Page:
In Looking Daniel Franzese plays an HIV-positive Bear and appeared completely naked on screen. He was shown in a romantic relationship with someone who had an “ideal” body, giving a fleshed-out plot line to a bigger actor. Media does exist showing body positivity, with people like Sam Smith trailblazing conversations around how they present themselves, but at times, it is not enough, as S. Bear Bergman writes in Xtra Magazine while covering the need for a more unapologetically fat music video.
This phenomenon goes to show the desperate need for more fat representation in mainstream media.
“A lot of media representations are white, thin, or muscular,” says Whitesel. “Looking made Franzese more than just a “comic sidekick,” not unlike fat men in specialty and user-created gay-Bear porn. So, there’s an established world of Bear media, it’s just not presented by mainstream gay tastes.”
The contrast between searching “gay bear” and “twink gay” on IMDB showcases the outstanding gap between bear and twink content.
While “gay movies of the 2000’s” is dominated by twink movies that have swept Oscars over time, searching “gay bear” pulls up low-budget indie films or quirky comedies where the gay man’s sexuality is the butt of the joke. This lack of media representation is disappointing, to say the least, when considering the amount of fatphobia in the queer community and the impact it has on how fat gay people see themselves.
As Patrick Mcgrady writes in a Florida State report titled Sexuality and Larger Bodies: Gay Men’s Experience of and Resistance Against Weight and Sexual Orientation Stigma, “overweight gay men may be especially at risk for mental health problems that result from experiencing associated prejudice, discrimination, and negative self-evaluation.”
With such little room for bigger gay actors in Hollywood, the lack of roles can be extremely disheartening. Actors looking to land positions on television face the obstacle of landing agents who won’t be fatphobic towards them while finding projects that genuinely want to tell queer stories.
The latest controversy surrounding The Whale and the employment of a fat suit for a non-fat actor in lieu of hiring someone large shows the lengths Hollywood will go to shut fat people out of the community in general, queer or not. This makes the competition tough and opportunities narrow for fat gay men in particular.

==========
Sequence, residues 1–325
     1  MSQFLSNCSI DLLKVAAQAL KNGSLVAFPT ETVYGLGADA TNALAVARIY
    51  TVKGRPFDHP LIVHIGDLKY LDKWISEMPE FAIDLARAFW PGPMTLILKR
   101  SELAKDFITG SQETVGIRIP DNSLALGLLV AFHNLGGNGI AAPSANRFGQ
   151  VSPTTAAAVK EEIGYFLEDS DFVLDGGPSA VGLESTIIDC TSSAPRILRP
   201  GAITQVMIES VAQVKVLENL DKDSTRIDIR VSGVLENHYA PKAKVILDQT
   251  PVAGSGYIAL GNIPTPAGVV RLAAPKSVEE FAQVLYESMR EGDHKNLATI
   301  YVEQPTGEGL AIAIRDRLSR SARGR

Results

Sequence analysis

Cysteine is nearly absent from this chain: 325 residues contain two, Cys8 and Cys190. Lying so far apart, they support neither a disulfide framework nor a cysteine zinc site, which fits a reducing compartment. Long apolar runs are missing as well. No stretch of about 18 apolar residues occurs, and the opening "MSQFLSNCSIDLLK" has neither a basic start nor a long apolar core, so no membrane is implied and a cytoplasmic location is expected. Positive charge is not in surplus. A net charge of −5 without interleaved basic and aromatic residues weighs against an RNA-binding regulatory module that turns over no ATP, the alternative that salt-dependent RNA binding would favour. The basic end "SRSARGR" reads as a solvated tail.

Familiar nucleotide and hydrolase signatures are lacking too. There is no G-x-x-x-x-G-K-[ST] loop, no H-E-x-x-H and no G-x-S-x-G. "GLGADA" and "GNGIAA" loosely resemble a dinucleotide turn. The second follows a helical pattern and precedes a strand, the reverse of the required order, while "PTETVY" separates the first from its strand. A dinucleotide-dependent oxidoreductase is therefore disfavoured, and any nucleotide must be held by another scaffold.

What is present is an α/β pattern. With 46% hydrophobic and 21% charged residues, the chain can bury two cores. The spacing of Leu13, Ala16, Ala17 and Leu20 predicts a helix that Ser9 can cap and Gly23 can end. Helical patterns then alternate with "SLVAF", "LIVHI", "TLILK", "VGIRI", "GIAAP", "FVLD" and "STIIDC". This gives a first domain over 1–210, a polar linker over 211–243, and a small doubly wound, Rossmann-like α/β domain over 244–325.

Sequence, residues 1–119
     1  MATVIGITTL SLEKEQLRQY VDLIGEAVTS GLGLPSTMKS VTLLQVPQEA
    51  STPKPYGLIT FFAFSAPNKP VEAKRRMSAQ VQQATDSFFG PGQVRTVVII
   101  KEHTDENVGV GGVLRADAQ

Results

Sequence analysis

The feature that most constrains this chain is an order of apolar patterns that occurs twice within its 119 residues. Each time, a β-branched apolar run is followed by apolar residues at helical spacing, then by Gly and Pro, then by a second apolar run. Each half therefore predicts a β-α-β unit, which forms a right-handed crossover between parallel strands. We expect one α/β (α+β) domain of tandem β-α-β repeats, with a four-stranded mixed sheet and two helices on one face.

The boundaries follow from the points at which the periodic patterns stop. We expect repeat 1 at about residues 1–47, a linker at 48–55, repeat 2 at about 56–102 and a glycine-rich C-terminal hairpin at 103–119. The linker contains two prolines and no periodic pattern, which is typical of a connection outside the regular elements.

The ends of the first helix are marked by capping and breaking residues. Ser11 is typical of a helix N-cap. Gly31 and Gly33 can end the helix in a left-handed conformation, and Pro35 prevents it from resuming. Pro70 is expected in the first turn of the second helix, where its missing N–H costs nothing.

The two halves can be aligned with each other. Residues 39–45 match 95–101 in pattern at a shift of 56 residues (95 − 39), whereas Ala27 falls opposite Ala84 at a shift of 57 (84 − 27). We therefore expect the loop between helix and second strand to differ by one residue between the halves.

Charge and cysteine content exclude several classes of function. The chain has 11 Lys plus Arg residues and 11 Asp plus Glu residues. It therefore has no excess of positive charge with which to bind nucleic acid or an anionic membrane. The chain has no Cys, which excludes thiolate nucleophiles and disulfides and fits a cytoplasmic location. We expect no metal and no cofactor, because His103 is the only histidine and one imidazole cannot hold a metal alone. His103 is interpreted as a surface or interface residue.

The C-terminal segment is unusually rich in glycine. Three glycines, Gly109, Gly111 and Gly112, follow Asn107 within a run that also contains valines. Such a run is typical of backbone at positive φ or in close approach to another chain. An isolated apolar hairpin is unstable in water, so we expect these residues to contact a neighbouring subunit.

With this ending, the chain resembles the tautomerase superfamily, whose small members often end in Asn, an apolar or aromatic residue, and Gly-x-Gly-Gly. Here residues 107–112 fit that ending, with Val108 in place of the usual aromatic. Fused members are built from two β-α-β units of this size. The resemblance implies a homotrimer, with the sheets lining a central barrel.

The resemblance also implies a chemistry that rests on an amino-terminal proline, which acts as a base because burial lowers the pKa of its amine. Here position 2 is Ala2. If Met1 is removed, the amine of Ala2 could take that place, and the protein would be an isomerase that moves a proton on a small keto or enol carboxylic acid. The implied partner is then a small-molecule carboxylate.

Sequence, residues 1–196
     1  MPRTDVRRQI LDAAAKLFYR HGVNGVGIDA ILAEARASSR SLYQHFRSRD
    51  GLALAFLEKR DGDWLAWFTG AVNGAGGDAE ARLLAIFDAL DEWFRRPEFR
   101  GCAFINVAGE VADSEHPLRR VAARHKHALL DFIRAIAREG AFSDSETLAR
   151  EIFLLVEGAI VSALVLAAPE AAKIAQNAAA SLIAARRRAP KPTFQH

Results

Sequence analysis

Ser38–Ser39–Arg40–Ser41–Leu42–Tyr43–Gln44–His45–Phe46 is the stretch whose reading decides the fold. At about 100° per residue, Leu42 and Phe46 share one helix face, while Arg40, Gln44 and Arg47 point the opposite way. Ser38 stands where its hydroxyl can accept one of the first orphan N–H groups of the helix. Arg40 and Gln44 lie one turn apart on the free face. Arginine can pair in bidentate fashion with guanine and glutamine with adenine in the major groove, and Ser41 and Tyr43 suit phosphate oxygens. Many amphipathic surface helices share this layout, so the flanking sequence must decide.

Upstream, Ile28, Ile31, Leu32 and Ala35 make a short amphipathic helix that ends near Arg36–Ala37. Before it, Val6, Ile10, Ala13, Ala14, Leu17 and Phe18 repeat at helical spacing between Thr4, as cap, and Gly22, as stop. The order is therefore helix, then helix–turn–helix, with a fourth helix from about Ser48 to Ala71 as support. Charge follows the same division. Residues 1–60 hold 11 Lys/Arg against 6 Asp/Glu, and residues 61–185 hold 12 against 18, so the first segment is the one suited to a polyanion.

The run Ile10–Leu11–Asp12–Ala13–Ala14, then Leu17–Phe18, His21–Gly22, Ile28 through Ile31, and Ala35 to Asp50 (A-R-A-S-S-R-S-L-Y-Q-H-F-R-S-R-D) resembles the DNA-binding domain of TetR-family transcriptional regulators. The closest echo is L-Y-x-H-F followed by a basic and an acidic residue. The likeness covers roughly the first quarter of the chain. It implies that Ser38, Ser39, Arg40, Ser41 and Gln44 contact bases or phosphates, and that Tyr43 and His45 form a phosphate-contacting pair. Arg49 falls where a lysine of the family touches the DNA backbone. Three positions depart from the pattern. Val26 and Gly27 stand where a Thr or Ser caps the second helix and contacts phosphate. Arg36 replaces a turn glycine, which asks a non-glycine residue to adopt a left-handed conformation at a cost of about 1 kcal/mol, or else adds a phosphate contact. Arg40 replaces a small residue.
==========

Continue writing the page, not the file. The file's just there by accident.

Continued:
“My friend has told me horror stories of meeting with agents who explicitly say we don’t hire fat gay men,” says Matkins. “You’re either too gay to feign straightness and typically, fat roles are always written as straight roles.”
The trend of skinny love extends past American films into films abroad. Summer of 85 was a popular French film that premiered to a sea of praise following closely alongside the love story set out in Call Me By Your Name. It follows two men who eventually begin dating after Alexis’ (Félix Lefebvre) boat capsizes and subsequent problems arise that only occur when wrapped up in the quick emotions of being sixteen. France pushed out its twink love stories with the release of Winter Boy two years later, and each were award-nominated films in their individual fields.
The effect this all has on queer viewers who don’t fit that stereotype can be incredibly damaging.
“I worked with a group of fatter gay men called Girth and Mirth in Columbus, Ohio, and hearing how much others commented on their appearances was really hard,” says Whitesel. “Even to the extent they might be on the dance floor and somebody would slip their hand up their shirt to see what their body was like.”
“I remember being at a Halloween party and getting looks because I was fat,” says Matkins “But I wouldn’t be worried about those things if I had seen the way I feel depicted in front of me.”
As queer media expands, from sweeping accolades for Netflix’s Heartstopper to dominating discourse with Love Simon, filmmakers have a duty to expand coverage of the community.
Queer love comes in multiple forms and sticking to one story narrows the scope of LGBTQ+ representation, pushing those at the fringes further out of society. It’s time the media, and society, re-examine how the queer community consistently fails Bears. Both on and off-screen.